We don’t need to address how smoking isn’t good for your health – you’ve heard that before. But when it comes to smoking while pregnant, the health risks increase – for you and your baby.

But quitting is hard. I see patients all the time who have difficulty. The important thing is to remember that this doesn't make you weak. Cigarettes are a drug. Drugs are addictive. Quitting smoking usually isn't something you can just snap your fingers and be done with.

So, the best way to quit smoking is to just get started in some way. Below we share some tips to help you quit smoking, and also talk about why it’s important to quit smoking before pregnancy and why it’s especially important after you find out you’re pregnant.

Why should you try to quit smoking before pregnancy?

Quitting cigarette smoking isn’t easy for most, so it may take a while to be tobacco free. So, if you wait to quit smoking until you get pregnant, there’s a greater chance you won’t be able to quit in time to reduce the effects that smoking has on pregnancy.

What happens if you smoke while pregnant?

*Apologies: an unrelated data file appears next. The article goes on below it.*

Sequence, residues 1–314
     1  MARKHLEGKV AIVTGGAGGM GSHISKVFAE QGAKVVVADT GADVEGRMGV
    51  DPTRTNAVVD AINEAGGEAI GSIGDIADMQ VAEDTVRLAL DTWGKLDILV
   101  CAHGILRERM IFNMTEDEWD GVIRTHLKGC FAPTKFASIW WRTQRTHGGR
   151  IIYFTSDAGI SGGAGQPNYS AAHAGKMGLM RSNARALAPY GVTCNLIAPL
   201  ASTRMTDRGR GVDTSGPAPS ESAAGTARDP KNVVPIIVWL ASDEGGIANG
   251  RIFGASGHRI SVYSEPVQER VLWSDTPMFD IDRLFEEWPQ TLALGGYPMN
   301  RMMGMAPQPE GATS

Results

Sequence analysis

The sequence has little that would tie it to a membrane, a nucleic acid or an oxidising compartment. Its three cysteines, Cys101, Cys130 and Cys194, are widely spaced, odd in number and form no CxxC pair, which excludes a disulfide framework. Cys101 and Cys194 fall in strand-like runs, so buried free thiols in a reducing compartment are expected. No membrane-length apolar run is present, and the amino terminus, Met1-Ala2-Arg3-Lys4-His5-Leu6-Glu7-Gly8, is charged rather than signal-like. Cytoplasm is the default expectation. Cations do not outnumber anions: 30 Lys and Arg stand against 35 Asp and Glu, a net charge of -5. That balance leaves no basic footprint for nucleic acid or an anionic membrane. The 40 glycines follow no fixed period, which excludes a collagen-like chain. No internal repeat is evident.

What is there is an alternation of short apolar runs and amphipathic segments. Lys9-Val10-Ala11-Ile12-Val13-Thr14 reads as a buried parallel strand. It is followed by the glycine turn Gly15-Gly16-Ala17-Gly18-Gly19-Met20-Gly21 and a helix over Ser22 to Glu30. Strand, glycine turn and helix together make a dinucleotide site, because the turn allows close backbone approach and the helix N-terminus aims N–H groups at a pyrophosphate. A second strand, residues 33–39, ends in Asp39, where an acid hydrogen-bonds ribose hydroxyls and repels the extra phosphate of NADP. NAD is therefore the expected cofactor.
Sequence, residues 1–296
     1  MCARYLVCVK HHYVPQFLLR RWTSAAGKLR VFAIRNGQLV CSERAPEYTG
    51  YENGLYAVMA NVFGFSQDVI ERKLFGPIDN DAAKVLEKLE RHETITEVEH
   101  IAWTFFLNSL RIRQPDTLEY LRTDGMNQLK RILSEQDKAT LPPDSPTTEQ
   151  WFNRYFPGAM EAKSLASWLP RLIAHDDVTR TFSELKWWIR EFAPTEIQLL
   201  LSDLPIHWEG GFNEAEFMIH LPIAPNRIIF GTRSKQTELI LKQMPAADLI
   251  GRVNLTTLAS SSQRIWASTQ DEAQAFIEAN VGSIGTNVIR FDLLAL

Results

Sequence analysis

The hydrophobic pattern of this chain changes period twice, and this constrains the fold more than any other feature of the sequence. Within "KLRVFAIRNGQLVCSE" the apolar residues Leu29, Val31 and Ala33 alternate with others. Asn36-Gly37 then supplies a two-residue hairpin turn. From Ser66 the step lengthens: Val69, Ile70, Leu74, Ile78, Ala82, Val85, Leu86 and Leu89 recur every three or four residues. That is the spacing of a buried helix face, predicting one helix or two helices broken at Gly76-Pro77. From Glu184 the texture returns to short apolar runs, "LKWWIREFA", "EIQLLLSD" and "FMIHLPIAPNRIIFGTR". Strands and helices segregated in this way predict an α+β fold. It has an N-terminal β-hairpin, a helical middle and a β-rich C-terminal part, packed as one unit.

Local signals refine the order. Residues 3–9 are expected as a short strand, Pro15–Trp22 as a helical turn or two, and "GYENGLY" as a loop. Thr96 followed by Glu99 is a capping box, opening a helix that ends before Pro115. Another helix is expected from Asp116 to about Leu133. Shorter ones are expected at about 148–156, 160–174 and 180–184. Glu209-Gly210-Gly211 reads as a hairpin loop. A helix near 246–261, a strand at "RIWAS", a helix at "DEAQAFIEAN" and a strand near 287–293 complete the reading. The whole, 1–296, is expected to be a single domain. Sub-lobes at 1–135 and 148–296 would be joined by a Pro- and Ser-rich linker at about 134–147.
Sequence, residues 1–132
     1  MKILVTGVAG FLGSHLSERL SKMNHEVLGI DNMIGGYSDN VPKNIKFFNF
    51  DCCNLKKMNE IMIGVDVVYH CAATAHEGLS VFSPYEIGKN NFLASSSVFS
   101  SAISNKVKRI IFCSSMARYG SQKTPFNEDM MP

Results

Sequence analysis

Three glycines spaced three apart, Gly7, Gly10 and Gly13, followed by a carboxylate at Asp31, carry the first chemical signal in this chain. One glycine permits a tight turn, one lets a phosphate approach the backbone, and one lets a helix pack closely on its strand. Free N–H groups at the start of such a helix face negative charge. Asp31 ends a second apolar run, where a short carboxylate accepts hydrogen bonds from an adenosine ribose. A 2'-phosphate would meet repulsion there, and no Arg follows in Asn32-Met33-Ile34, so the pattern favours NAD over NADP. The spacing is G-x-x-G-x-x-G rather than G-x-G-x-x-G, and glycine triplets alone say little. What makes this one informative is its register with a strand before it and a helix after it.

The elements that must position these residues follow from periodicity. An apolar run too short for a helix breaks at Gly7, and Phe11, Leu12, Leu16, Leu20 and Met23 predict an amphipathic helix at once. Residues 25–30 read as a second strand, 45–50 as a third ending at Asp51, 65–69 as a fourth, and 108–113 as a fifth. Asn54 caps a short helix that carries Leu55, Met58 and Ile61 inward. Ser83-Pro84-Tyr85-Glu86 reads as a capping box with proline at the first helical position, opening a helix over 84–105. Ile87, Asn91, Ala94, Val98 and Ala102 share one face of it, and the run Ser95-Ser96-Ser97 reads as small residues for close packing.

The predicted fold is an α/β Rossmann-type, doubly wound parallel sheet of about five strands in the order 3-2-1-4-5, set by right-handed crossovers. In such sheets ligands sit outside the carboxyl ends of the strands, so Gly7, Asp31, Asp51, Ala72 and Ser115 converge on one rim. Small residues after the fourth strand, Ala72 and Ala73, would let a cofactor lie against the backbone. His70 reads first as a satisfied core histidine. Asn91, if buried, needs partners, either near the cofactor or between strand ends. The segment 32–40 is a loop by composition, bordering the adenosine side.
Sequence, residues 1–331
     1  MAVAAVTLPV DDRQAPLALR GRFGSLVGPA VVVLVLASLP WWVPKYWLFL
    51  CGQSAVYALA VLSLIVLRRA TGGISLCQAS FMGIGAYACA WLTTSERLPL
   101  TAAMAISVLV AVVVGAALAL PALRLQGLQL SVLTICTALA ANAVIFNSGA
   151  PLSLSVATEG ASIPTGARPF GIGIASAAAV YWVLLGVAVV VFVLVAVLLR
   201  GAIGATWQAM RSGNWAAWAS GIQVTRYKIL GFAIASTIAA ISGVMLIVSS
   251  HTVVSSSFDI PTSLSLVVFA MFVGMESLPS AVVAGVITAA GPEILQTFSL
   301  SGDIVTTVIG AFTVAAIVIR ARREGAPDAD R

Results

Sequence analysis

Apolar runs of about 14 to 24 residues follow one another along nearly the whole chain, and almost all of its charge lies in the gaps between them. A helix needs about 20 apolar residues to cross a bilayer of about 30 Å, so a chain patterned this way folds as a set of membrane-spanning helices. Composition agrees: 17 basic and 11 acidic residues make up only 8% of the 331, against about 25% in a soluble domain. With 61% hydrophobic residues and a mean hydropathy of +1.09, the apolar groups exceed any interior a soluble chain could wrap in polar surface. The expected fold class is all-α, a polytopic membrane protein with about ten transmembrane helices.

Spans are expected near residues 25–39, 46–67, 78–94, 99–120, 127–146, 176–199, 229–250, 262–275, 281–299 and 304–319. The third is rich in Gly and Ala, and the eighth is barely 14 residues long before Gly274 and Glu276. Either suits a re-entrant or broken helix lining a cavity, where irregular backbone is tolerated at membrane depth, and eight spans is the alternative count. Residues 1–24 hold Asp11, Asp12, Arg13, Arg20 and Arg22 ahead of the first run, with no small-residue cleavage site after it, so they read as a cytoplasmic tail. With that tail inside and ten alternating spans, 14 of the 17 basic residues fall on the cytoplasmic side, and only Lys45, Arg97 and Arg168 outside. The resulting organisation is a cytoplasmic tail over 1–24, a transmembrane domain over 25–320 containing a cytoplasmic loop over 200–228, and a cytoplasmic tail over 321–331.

Chemicals in cigarettes – like nicotine and carbon monoxide – increase the risk factor for a variety of pregnancy complications and birth defects. These include preterm labor, low baby birthweight, miscarriage, stillbirth and Sudden Infant Death Syndrome (SIDS).

If you can quit before you become pregnant, your risk of having a baby with low birthweight is reduced to the same as that of a woman who has never smoked.

How long should you stop smoking before pregnancy?

As soon as you can. The sooner you quit, the sooner you can decrease your health risks.

The impact of smoking on fertility

If you're planning on getting pregnant soon, it's important to know that smoking has been connected to a range of fertility issues, including an increased risk of ectopic pregnancy and damage to egg quality.

So while quitting smoking before pregnancy can remove risk factors for your baby, it can also help increase your chances of getting pregnant in the first place.

How smoking impacts a man's fertility

Women aren't the only ones who can benefit from quitting smoking before trying for a baby. Smoking also damages men's sperm movement, shape and count, and it's a risk factor for erectile dysfunction.

How long after quitting smoking does fertility improve?

The longer you go without smoking, the better. It takes about three months to produce both sperm and eggs, so that's how long it will take after quitting smoking before fertility fully improves, for both you and your partner.

How does secondhand smoke impact fertility and pregnancy?

No amount of cigarette smoke is safe. While secondhand smoke isn't the same as actively smoking, it still carries similar risks for fertility and pregnancy.

So if you live with someone who smokes, encourage them to smoke outside or in a different room where you're less likely to breathe in secondhand smoke while pregnant. Better still, encourage them to quit with you.